- Regulator says it's looking into more models of diesel cars
- EPA says VW `knew or should have known' about bypass system
Volkswagen AG is under increasing scrutiny after U.S. regulators expanded their probe of the emissions cheating scandal to include more models from Audi and diesels from Porsche, the business that had been run by the man tapped to clean up the carmaker.
The U.S. Environmental Protection Agency said Monday that some 2014-2016 VW, Audi and Porsche models with 3.0 liter engines have equipment to alter their emissions systems when they’re not being tested, the agency said in a letter posted to its website.
“VW has once again failed in its obligation to comply with the law that protects clean air for all Americans,” said Cynthia Giles, assistant administrator of EPA’s Office of Enforcement and Compliance Assurance.
Volkswagen denied the EPA’s claims that the cars added to the investigation manipulated emissions tests. The EPA is alleging that a software function in the V6 TDI diesel engines hadn’t been adequately described in the approval process, VW said.
“VW stresses that no software has been installed in the 3-liter V6 diesel engines to change emission results in an inadmissible way,” the company said in an e-mailed statement. “Volkswagen will fully cooperate with the EPA to clarify the matter unreservedly.”
The EPA and the California Air Resources Board announced Sept. 18 that they were investigating Volkswagen after the carmaker admitted to rigging the emissions systems of diesel vehicles so they would pass pollution tests. That announcement affected almost 500,000 cars in the U.S., and 11 million worldwide.
The expanded probe adds only about 10,000 additional cars now on the road, as well as an undetermined number of 2016 models, but draws in the prestigious Porsche brand that had been untouched by the scandal so far.
The cheating scandal has shattered Europe’s largest automaker, leading to the resignation of its chief executive, Martin Winterkorn. VW set aside 6.7 billion euros ($7.4 billion) in the third quarter for recall repair costs and already acknowledged this won’t be enough. Under the Clean Air Act, Volkswagen may be liable for fines as high as $18 billion, based on maximum penalties per car involved, and it faces further costs from lawsuits filed in the U.S. and Europe.
Matthias Mueller was named Winterkorn’s replacement. He had been the CEO of its subsidiary, Porsche, since 2010. Mueller spent his entire career at Europe’s largest automaker, including stints at the Audi and VW brands.
During stepped up testing of diesel models on the road, EPA, CARB and Transport Canada discovered software in VW, Audi and Porsche models with 3.0 liter diesel engines that turns pollution-control equipment on when the cars are in “temperature conditioning” mode that mirrors federal test conditions, the regulators said.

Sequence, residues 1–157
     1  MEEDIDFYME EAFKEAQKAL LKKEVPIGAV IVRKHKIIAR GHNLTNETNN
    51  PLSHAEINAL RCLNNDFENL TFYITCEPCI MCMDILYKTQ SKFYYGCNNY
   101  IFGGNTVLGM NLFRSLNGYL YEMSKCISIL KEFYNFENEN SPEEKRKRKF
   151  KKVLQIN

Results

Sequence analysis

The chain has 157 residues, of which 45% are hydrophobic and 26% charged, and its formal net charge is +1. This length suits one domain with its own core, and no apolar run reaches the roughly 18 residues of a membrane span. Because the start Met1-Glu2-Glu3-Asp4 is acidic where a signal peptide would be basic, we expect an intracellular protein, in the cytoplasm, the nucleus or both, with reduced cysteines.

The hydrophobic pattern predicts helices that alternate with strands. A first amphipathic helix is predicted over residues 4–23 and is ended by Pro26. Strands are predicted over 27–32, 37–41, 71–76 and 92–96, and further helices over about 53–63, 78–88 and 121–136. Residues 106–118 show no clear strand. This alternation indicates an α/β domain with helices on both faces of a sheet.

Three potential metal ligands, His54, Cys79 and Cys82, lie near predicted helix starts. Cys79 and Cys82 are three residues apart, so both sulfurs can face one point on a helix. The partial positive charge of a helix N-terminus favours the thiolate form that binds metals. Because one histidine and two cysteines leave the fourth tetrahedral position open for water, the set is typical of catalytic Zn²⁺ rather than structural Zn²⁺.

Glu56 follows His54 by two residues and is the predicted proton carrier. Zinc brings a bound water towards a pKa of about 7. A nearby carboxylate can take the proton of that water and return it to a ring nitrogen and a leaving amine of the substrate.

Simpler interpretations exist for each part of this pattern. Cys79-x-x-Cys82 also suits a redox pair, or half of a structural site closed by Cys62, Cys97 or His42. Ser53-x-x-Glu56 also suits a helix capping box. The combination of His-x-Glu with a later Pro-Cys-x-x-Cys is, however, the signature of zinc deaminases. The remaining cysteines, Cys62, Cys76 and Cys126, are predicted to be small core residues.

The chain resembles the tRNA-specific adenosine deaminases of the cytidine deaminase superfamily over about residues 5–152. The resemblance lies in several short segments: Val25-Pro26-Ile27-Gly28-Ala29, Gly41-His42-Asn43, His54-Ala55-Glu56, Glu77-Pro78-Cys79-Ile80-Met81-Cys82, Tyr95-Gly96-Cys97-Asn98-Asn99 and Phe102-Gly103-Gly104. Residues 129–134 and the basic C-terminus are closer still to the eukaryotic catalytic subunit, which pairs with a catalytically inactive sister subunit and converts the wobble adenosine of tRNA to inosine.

The affected models are the 2014 VW Touareg, the 2015 Porsche Cayenne and the 2016 Audi A6 Quattro, A7 Quattro, A8, A8L and Q5. The vehicles’ emissions systems were rigged to turn off “one second” after government testing was complete, improving performance but causing nitrogen oxide emissions up to nine times the legal limit, Giles said.
VW “knew or should have known” that the vehicles had software installed that “bypasses, defeats or renders inoperative” emissions controls, the EPA said.
“It seems extraordinary that this was not flagged within the company, investigated and declared in light of the challenges which the company has faced in the last 2 months,” Arndt Ellinghorst, a London-based analyst at Evercore ISI, said in a note.
Volkswagen AG’s top U.S. executive told lawmakers in Congress last month the emissions cheating was carried out by a few engineers in Germany without any formal decision by the company. He conceded it may take years to retrofit the bulk of the affected vehicles.
Michael Horn, president and chief executive officer of Volkswagen of America, said most of the cars will need more than a software update to comply with U.S. requirements. Volkswagen is looking at adding hardware such as improved catalytic converters or urea tanks, he said.
Volkswagen will compensate customers and address any impact on performance, Horn said. He said the fixes will maintain the car’s fuel efficiency.
Four members of a U.S. House panel conducting a separate investigation of the emissions cheating called Monday on Volkswagen to “come clean” in response to the EPA accusation.
“The latest revelations raise the question, where does VW’s road of deceit end?” according to a statement from Representatives Fred Upton, a Michigan Republican; Tim Murphy, a Pennsylvania Republican;Frank Pallone, a New Jersey Democrat; and Diana DeGette, a Colorado Democrat.